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Better Ways to Engage in Meetings: Replace "Correct Me if I'm Wrong"

Think about that last meeting you were in when you said, “Correct me if I’m wrong…”


Me adding "correct me if I'm wrong" to this email when I know I'm right. ©️ CreateHER Stock
Me adding "correct me if I'm wrong" to this email when I know I'm right. ©️ CreateHER Stock

Why would you need someone to correct you?


It’s giving “I don’t know what I’m talking about” and showing your lack of confidence in what you’re saying. This is an overused way that many people hand off the conversation to someone else. There’s better ways to do that.


I’d be remiss if I didn’t address the other side of the “correct me if I’m wrong” statement:


When you have diligently reviewed your sources and crafted a story that’s not only compelling but the numbers tie to the PENNY. There’s always that one who insists everything about their way of doing and thinking is the only way. So they question and throw curve balls at your analysis but no matter what, you know you’re on point.


Saying “correct me if I’m wrong” while you’re speaking in a meeting devalues your contribution. If you’re not confident in what you’re saying, why would anybody else be?


I get the intent, but try different ways of inviting people to the conversation - without throwing yourself under the bus.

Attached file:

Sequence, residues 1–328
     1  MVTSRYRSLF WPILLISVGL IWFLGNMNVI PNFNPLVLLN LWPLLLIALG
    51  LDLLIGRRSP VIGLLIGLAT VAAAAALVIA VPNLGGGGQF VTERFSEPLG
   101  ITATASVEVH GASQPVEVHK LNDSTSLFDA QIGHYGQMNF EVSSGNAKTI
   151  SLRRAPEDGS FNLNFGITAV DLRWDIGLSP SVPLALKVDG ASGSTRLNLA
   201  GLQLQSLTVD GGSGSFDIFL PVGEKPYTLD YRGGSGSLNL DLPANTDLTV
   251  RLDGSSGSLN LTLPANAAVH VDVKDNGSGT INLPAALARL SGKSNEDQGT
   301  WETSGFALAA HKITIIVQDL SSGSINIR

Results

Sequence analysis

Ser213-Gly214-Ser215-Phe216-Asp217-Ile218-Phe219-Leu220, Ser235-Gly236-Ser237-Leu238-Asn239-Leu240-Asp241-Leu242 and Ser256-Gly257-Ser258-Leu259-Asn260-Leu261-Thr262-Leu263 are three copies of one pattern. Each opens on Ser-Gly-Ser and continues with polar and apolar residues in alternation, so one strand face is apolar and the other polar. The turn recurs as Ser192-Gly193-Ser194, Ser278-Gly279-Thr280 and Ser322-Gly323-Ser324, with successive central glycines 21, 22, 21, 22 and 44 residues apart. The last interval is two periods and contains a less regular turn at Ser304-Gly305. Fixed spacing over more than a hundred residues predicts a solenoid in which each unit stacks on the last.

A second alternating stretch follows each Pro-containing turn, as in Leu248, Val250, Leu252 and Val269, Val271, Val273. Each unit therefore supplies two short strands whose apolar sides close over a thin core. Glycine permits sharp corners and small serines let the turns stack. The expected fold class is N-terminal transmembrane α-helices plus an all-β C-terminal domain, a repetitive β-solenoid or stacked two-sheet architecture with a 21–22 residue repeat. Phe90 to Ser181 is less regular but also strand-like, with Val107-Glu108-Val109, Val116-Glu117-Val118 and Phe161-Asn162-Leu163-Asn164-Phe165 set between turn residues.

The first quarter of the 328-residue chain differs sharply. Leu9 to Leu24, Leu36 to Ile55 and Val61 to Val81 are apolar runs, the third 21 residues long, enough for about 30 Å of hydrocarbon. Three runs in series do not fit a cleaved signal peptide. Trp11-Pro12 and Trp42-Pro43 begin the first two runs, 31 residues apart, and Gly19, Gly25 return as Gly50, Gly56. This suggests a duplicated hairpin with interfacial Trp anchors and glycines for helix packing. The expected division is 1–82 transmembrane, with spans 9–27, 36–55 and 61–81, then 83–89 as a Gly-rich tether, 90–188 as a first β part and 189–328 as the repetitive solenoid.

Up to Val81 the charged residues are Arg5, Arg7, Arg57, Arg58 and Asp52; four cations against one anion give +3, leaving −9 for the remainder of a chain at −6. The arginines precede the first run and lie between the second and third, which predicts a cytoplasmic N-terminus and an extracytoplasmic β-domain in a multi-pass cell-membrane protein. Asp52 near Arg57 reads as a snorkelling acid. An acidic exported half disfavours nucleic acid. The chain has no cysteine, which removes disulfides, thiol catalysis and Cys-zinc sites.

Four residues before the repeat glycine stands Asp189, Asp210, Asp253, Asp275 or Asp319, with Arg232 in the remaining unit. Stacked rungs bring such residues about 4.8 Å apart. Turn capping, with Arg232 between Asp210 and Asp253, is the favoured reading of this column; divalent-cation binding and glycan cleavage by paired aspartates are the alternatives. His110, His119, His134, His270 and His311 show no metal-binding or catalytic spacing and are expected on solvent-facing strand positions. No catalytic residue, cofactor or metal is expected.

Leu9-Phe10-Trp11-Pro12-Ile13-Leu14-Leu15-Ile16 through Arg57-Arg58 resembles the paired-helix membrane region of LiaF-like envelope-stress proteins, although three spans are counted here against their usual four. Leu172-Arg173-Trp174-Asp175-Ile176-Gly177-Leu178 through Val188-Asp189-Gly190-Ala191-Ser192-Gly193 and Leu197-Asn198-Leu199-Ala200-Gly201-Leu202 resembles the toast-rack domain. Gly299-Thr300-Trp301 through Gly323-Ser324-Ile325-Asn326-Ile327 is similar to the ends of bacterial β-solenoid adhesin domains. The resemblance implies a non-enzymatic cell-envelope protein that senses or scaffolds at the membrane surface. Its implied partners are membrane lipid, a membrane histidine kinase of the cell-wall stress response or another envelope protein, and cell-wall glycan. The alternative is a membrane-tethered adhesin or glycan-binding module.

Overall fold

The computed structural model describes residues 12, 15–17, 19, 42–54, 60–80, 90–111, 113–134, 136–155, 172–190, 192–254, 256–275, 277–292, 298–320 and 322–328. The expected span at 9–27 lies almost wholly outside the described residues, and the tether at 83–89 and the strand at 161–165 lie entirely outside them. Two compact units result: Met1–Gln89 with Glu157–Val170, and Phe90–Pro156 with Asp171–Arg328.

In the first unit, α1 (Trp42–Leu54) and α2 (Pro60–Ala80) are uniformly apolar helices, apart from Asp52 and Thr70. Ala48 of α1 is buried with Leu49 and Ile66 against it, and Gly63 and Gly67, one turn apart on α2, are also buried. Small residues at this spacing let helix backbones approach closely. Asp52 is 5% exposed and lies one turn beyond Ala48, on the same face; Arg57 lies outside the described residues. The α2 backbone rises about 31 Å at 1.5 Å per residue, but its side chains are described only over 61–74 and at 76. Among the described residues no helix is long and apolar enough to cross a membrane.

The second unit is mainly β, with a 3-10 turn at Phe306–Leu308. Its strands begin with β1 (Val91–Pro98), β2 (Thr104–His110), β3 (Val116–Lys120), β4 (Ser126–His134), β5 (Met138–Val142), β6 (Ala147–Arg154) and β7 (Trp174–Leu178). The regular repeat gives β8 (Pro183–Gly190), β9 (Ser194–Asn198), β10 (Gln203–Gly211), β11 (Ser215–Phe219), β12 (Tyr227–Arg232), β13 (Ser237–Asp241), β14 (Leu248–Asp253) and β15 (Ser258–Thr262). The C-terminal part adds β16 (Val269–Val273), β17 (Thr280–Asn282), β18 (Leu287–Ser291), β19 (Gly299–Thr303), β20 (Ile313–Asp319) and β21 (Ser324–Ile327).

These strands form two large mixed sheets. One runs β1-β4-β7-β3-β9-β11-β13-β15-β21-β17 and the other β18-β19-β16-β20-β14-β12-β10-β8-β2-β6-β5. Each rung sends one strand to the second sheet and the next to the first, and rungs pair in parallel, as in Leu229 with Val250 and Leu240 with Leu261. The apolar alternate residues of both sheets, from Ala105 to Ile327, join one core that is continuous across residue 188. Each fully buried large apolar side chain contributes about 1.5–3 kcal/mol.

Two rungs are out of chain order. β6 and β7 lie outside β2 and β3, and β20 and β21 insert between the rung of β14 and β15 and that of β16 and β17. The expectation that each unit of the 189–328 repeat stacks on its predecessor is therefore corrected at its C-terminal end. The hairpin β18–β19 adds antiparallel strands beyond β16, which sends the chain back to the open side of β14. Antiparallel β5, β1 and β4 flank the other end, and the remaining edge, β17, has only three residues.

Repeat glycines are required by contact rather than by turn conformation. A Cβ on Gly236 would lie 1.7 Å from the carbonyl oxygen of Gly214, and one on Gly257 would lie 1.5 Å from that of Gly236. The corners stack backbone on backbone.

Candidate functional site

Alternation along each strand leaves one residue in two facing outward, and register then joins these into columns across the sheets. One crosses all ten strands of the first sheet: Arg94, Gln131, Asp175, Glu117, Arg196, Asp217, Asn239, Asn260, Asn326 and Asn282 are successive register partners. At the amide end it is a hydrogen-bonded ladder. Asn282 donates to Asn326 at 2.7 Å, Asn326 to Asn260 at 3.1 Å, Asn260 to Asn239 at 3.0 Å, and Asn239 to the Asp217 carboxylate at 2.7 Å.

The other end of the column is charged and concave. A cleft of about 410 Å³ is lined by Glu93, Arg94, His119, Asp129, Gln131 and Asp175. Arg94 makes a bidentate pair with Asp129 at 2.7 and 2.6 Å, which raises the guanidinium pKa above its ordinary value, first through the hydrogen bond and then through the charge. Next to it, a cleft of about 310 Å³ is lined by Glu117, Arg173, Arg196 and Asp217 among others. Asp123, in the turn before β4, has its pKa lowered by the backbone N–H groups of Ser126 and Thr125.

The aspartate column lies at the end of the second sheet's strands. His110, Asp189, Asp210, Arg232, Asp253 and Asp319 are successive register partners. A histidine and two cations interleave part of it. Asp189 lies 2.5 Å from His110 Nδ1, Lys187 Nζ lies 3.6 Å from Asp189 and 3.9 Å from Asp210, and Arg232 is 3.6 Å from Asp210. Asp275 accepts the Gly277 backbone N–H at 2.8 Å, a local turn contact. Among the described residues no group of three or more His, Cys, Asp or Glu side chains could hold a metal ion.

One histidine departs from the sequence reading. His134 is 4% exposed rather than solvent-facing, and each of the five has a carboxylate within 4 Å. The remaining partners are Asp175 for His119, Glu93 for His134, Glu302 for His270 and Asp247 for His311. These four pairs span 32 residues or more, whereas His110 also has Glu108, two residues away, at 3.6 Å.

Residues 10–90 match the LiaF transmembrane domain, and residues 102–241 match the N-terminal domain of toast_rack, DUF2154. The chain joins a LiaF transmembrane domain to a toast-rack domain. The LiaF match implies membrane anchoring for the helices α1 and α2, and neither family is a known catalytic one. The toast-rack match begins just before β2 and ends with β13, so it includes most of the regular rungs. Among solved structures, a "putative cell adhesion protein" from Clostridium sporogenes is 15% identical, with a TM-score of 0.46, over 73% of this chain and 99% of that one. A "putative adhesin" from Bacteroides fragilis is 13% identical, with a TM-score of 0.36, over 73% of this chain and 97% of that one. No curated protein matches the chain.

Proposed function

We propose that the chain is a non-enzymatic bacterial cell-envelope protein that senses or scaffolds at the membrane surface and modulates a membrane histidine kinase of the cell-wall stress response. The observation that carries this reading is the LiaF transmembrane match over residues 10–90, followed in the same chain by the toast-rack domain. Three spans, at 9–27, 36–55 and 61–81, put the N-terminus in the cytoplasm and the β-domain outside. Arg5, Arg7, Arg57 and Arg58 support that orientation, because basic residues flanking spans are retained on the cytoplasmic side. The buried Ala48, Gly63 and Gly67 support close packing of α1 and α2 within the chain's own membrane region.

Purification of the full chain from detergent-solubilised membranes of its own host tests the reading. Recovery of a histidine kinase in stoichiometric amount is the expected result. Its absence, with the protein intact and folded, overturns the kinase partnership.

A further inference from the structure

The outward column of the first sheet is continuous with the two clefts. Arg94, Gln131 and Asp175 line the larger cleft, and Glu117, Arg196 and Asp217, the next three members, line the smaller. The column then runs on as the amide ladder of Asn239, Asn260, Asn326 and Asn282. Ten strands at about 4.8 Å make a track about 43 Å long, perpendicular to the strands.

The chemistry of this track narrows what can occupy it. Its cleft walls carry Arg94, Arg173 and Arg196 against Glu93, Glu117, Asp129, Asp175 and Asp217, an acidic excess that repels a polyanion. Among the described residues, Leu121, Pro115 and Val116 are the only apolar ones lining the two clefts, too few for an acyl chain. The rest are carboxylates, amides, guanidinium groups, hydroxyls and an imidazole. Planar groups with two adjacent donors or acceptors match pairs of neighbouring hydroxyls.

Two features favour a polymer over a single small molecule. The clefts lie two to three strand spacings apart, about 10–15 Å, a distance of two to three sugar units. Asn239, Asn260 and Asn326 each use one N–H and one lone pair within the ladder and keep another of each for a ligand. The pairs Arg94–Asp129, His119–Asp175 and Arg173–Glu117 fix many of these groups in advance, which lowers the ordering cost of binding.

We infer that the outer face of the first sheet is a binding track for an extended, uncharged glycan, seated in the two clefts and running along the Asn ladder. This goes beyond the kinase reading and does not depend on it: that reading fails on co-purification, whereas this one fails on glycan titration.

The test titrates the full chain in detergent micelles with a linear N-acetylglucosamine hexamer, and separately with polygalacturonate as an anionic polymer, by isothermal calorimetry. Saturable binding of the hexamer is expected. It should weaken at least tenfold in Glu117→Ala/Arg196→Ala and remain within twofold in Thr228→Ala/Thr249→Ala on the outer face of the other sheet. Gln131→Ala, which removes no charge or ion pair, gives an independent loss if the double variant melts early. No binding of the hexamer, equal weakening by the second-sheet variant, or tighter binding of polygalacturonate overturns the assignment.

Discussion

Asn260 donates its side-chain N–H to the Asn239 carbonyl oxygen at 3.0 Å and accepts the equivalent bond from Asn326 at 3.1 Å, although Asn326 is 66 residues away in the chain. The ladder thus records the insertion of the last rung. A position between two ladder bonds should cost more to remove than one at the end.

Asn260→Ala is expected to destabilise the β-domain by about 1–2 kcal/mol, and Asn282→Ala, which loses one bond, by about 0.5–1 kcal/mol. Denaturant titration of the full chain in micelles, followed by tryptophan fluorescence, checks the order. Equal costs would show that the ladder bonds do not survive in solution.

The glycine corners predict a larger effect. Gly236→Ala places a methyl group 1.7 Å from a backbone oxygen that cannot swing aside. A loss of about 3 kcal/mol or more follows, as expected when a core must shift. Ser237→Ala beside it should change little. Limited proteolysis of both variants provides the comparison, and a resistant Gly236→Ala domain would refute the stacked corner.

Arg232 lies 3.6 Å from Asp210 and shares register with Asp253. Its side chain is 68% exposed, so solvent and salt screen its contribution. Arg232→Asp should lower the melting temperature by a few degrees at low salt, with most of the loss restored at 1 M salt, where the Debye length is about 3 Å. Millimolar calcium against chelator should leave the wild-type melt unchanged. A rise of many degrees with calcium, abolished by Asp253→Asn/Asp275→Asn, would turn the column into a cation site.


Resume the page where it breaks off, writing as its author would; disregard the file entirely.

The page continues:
Leave “Correct me if I’m wrong” behind and try these instead:


Invite a specific person to speak.

Someone who knows about the topic being discussed - a subject matter expert or project lead, for example, Their insights can add more to the chat. Instead of asking someone to correct you, ask someone to add to your point or steer the conversation in another direction - if what you're saying is trash. If you find yourself speaking on something you don't know, rephrase your thoughts as questions to the audience who can help bring you up to speed.


Saying “correct me if I’m wrong” while you’re speaking in a meeting devalues your contribution.

  

Instead of 'correct me if I'm wrong' ask 'is that accurate?'

After you speak ask, “Is that accurate?” I use this one all the time. I’m not gonna front and act like I know everything, but my curiosity will help me figure it out.


Using this statement also invites subject matter experts to speak up and educate you on things you don’t know. I’ll bet you you’re not the only one on that call who doesn’t know something.


Open up the conversation.

After you speak, open the conversation up to anyone on the call. A simple statement like, “I’m open to hearing other thoughts and recommendations” is a slick way to hand off a conversation and encourage groupthink. It encourages others to talk and keeps the discussion going.


Use alternatives to "correct me if I'm wrong" to encourage groupthink.
Use alternatives to "correct me if I'm wrong" to encourage groupthink.

Speaking up with confidence is key, and these tips will help you do just that. By using these recommendations instead of “Correct me if I’m wrong,” you’re not just showing that you know your stuff, but you’re also encouraging groupthink. Your voice matters, and how you use it can really make a big difference.


It's OK if you don't know the answers but have the audacity to find out.


Next time you’re in a meeting try one of these and let me know how it goes! What did you think of this post? Leave a comment and let me know!

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